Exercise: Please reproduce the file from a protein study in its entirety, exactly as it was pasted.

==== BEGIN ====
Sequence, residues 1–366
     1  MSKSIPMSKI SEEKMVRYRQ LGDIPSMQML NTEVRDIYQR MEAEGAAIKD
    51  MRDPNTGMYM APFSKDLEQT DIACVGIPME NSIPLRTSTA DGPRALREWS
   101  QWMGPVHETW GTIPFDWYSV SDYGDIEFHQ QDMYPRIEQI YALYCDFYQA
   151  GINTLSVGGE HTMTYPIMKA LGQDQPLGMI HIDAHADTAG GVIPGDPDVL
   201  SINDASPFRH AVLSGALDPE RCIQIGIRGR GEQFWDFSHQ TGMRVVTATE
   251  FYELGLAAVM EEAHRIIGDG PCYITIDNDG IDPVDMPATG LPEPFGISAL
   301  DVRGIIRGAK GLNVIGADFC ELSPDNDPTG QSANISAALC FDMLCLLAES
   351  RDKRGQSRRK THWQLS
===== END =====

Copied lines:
Sequence, residues 1–366
     1  MSKSIPMSKI SEEKMVRYRQ LGDIPSMQML NTEVRDIYQR MEAEGAAIKD
    51  MRDPNTGMYM APFSKDLEQT DIACVGIPME NSIPLRTSTA DGPRALREWS
   101  QWMGPVHETW GTIPFDWYSV SDYGDIEFHQ QDMYPRIEQI YALYCDFYQA
   151  GINTLSVGGE HTMTYPIMKA LGQDQPLGMI HIDAHADTAG GVIPGDPDVL
   201  SINDASPFRH AVLSGALDPE RCIQIGIRGR GEQFWDFSHQ TGMRVVTATE
   251  FYELGLAAVM EEAHRIIGDG PCYITIDNDG IDPVDMPATG LPEPFGISAL
   301  DVRGIIRGAK GLNVIGADFC ELSPDNDPTG QSANISAALC FDMLCLLAES
   351  RDKRGQSRRK THWQLS